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'They have to pay their bills and their mortgages — it's disrespectful'

John Caulfield says many questions need to be answered regarding Bray Wanderers’ financial plight.

Bray Wanderers players celebrate after Aaron Greene scored against Drogheda United in March.
Bray Wanderers players celebrate after Aaron Greene scored against Drogheda United in March.
Image: Donall Farmer/INPHO

CORK CITY MANAGER John Caulfield has expressed his sympathy for the players at Bray Wanderers, who he believes could have a tough task in finding new clubs.

There’s significant uncertainty surrounding the future of the Wicklow outfit, after it emerged in recent days that the club can only afford to meet its wage costs for one more week.

Bray’s players, who have brought their side to third place in the SSE Airtricity League Premier Division this season, are subsequently free to pursue their options elsewhere, but Caulfield believes that won’t be straightforward at this stage in the season.

The Cork City manager, who dismissed reports linking him with Bray striker Aaron Greene, said: “The problem the players are going to have at Bray is that we’re mid-season, so the budgets of all clubs are gone.

“I see there’s a lot of speculation but I can’t see many of their players getting moves because I don’t know what clubs are flush with money, bar Dundalk possibly. There seems to be a situation where Limerick are looking at a few, but I can’t see too many clubs being involved for the players because they won’t have money, unless they get rid of players. So from that point of view it’s not a good position for a lot of the players to be in.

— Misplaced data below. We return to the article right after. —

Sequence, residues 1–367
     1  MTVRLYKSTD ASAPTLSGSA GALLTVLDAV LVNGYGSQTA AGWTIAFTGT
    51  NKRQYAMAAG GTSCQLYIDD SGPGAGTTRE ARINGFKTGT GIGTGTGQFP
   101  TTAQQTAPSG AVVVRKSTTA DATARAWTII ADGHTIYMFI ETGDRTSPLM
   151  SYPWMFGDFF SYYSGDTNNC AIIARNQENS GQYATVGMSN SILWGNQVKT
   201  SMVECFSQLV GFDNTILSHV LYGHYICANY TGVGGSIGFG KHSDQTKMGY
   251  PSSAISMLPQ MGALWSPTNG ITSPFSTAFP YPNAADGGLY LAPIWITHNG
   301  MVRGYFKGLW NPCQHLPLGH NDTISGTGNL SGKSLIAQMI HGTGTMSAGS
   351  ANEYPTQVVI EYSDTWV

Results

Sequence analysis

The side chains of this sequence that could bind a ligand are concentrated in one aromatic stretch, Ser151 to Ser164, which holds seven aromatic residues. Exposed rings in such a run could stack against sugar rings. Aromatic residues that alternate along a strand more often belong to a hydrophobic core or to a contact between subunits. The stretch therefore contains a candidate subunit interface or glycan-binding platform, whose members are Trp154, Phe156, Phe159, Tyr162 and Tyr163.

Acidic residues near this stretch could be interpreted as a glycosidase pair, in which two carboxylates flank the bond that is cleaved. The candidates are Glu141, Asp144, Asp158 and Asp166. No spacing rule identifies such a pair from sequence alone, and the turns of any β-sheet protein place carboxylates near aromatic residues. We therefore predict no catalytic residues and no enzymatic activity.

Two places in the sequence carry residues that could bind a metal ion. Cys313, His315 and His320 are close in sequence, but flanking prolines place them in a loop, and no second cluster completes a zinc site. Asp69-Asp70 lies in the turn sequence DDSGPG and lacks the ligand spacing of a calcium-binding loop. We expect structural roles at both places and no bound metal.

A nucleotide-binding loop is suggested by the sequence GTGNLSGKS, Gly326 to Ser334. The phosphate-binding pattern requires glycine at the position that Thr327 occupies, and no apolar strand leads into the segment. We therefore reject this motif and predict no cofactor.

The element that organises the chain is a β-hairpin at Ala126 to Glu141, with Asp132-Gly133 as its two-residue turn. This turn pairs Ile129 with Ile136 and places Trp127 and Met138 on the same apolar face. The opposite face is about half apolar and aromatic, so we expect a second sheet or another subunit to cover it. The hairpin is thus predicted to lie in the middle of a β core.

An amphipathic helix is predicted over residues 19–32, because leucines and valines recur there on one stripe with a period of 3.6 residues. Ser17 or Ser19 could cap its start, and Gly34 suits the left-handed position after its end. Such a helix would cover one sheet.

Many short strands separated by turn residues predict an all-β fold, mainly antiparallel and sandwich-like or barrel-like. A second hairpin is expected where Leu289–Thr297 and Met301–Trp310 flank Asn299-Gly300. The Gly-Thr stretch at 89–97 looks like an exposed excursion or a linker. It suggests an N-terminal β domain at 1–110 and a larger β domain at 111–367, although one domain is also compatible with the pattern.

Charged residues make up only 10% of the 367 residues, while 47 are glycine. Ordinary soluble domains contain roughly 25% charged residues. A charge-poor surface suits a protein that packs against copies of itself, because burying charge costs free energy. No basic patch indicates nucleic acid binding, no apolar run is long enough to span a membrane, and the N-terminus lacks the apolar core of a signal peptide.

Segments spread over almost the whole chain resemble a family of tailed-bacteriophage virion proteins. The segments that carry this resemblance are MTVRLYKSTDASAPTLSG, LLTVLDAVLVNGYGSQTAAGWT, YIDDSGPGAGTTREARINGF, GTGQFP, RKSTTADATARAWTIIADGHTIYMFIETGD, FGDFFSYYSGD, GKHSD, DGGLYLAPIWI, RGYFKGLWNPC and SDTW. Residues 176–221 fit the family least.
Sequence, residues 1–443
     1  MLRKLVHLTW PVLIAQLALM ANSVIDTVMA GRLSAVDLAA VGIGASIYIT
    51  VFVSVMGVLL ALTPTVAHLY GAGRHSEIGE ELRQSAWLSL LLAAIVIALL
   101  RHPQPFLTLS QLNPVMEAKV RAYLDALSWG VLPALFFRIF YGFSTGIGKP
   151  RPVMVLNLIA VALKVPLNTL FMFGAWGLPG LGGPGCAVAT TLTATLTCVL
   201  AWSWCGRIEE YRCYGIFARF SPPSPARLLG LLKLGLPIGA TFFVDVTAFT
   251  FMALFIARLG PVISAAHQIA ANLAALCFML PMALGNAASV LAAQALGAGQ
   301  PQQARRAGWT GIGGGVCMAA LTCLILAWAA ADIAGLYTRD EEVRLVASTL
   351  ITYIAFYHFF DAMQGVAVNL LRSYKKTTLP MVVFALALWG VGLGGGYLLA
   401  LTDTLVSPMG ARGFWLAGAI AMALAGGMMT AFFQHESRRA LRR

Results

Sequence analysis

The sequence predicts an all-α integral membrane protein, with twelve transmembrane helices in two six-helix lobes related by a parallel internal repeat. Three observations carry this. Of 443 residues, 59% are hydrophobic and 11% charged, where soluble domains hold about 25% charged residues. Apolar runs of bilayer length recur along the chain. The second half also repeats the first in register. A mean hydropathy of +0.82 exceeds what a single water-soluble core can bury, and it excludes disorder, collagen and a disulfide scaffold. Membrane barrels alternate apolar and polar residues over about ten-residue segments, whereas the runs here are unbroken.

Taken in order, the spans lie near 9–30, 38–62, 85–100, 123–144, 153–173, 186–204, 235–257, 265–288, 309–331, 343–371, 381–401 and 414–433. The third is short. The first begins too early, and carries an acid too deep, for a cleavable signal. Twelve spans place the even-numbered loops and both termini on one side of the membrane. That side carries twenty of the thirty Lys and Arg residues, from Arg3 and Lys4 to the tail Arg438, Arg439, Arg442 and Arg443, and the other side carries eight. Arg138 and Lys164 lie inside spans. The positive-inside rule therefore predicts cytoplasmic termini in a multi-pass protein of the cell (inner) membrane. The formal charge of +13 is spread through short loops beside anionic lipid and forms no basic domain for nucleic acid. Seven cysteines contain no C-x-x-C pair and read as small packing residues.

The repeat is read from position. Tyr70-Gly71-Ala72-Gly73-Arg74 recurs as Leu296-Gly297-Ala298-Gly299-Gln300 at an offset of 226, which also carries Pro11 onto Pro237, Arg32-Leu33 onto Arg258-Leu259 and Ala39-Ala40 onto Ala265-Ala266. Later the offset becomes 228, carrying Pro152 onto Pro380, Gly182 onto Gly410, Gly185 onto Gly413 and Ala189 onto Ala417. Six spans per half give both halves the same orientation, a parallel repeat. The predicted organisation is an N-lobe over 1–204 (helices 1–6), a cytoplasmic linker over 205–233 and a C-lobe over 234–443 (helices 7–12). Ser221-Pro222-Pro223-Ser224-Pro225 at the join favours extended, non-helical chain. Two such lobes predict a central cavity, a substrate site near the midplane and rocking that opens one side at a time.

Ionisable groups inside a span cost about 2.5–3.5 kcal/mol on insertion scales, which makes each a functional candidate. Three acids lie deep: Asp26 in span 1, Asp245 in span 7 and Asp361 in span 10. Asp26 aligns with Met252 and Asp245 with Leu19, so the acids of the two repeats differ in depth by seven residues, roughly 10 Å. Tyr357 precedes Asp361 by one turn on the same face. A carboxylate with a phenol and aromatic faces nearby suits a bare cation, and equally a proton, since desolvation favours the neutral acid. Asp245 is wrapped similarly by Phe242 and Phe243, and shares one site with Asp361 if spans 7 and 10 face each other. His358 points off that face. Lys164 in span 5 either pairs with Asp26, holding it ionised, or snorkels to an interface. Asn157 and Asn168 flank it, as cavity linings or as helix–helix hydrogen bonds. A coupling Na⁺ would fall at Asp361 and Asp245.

“The bigger picture for the league is that it’s a story that we don’t need, particularly when you look at the position they’re in and how well they were doing. It looked like they were going to get one of the European positions. It’s not a good story for the league.”

In an interview with RTÉ, Bray Wanderers chairman Denis O’Connor explained that ahead of the 2017 season, the club sought to assemble a strong squad that could compete in the upper echelons of the table, in the belief that attendance numbers would subsequently increase.

Harry Kenny Bray Wanderers manager Harry Kenny. Source: Ryan Byrne/INPHO

Players such as Gary McCabe, Anto Flood, Aaron Greene and Derek Foran were brought in and, under the guidance of manager Harry Kenny, they picked up wins over the likes of Dundalk and Derry City to leave the Seagulls on course for qualification for the Europa League.

However, the drastic increase in crowd numbers they were hoping for at the Carlisle Grounds hasn’t materialised and money has seemingly dried up, with O’Connor expressing his belief that running a Premier Division club in Bray isn’t currently viable.

A crowd of 1,538 turned up for Friday’s defeat at home to Dundalk, while at the other end of the scale, only 171 adults paid to attend when Galway United visited earlier in the season.

“Bray made a significant change at the start of the season, in the sense that they brought in big hitters to get into Europe and to compete,” Caulfield said. “You would always worry when you hear a statement released that the crowds haven’t come. With all due respect, there’s never been crowds in Bray.”